Panel Paper: Resource- and Approach-Driven Multi-Dimensional Change: Three-Year Effects of School Improvement Grants

Thursday, November 3, 2016 : 8:35 AM
Columbia 3 (Washington Hilton)

*Names in bold indicate Presenter

Min Sun, University of Washington, Emily K. Penner, University of California, Irvine and Susanna Loeb, Stanford University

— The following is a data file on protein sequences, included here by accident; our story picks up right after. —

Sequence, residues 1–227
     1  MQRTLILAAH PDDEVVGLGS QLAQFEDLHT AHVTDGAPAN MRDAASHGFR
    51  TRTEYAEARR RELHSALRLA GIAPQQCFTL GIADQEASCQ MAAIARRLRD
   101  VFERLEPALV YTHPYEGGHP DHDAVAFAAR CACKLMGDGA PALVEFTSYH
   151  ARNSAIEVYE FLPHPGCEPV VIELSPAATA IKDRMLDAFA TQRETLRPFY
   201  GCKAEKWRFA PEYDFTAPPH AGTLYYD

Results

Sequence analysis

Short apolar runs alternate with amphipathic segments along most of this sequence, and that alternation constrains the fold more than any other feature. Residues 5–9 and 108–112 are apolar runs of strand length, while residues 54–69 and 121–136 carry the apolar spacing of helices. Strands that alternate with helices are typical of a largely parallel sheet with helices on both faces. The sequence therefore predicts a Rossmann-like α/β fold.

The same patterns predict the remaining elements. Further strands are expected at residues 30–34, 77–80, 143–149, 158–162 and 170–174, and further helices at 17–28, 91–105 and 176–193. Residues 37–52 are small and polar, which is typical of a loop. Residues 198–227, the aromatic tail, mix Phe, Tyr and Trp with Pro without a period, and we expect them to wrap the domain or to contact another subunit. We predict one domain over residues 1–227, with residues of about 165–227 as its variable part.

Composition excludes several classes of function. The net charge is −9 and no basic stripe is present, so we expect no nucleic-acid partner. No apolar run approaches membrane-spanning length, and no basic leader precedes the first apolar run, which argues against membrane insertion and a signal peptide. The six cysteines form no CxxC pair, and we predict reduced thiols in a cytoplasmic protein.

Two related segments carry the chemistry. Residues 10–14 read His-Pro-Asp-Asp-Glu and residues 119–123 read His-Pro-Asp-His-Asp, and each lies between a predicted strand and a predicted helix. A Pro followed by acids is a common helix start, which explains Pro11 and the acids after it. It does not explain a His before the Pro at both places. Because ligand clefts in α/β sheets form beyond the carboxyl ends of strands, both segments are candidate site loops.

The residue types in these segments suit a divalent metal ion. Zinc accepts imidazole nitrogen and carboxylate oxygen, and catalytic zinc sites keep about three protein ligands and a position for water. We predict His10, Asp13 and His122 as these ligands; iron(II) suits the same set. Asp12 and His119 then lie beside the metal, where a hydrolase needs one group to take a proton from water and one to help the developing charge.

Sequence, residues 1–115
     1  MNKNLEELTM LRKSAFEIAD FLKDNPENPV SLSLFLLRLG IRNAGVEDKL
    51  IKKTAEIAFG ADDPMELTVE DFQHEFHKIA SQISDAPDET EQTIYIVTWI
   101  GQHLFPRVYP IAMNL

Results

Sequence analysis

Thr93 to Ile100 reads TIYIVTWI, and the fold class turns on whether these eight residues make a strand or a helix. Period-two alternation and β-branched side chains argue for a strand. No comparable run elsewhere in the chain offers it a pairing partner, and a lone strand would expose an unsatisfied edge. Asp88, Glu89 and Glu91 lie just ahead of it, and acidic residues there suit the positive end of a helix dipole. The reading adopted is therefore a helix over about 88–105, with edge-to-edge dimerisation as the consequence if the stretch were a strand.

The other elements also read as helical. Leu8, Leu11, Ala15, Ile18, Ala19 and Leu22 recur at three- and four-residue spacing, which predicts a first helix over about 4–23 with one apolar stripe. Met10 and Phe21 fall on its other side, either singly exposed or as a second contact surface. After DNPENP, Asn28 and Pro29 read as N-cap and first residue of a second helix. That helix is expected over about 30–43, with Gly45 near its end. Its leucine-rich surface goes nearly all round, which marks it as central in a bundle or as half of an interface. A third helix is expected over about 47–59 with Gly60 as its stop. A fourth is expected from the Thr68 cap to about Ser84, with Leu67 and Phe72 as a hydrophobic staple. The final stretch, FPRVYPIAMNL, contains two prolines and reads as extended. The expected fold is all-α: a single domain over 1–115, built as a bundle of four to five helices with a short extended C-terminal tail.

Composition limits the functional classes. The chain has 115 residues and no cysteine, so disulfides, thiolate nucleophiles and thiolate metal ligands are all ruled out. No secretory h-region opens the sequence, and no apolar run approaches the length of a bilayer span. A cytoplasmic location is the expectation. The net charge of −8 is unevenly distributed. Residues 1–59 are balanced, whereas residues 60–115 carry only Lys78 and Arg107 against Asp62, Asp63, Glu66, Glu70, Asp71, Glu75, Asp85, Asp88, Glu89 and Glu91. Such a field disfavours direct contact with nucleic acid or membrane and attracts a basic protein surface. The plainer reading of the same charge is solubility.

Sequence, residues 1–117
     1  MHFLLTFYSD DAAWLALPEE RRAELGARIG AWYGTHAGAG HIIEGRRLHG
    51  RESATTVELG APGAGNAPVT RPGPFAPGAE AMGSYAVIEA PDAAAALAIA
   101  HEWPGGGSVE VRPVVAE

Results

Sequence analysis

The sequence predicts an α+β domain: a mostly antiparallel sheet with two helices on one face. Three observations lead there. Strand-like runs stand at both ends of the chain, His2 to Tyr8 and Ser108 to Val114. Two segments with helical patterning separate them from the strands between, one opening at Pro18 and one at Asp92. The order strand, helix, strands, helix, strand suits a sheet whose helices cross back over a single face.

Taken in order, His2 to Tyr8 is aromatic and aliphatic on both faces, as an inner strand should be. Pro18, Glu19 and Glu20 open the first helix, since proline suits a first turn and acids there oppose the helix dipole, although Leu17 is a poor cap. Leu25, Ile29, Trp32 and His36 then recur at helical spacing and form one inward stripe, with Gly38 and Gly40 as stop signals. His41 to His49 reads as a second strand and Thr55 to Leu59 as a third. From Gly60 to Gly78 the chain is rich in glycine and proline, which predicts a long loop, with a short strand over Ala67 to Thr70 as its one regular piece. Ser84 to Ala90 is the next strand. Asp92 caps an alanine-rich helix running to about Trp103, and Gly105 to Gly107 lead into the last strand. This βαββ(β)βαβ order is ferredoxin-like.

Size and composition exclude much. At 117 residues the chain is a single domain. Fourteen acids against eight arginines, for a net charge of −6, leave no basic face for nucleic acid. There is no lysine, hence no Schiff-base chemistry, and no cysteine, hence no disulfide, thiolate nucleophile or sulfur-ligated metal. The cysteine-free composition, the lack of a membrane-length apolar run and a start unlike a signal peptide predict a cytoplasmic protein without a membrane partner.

Hoping to spur dramatic school turnaround, the Federal Government channeled considerable resources to the country’s lowest-performing schools through School Improvement Grants (SIG). However, research demonstrating the effectiveness of SIG is scarce. This study utilizes a decade of longitudinal data and a difference-in-difference strategy to provide evidence on program impacts on multiple dimensions across the full three-year duration of the SIG award in one large urban school district. Following two years of modest improvement, we find particularly positive effects of SIG interventions on student achievement in the third year. This result is consistent with prior literature indicating that improvements from comprehensive school turnarounds emerge gradually. Moreover, we identify other improvements in SIG schools that speak to their “healthy growth”, including reduced students’ unexcused absences, increased family preferences for SIG schools, improved retention of effective teachers, and greater development of teacher professional capacity.